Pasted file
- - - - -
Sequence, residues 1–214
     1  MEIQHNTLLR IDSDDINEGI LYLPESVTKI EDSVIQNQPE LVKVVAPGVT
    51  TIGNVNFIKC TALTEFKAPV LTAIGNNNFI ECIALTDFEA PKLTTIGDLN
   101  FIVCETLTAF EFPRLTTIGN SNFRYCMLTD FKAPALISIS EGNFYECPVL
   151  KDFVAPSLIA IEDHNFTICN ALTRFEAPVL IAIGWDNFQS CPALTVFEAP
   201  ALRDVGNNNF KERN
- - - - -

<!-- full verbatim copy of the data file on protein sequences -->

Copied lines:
Sequence, residues 1–214
     1  MEIQHNTLLR IDSDDINEGI LYLPESVTKI EDSVIQNQPE LVKVVAPGVT
    51  TIGNVNFIKC TALTEFKAPV LTAIGNNNFI ECIALTDFEA PKLTTIGDLN
   101  FIVCETLTAF EFPRLTTIGN SNFRYCMLTD FKAPALISIS EGNFYECPVL
   151  KDFVAPSLIA IEDHNFTICN ALTRFEAPVL IAIGWDNFQS CPALTVFEAP
   201  ALRDVGNNNF KERN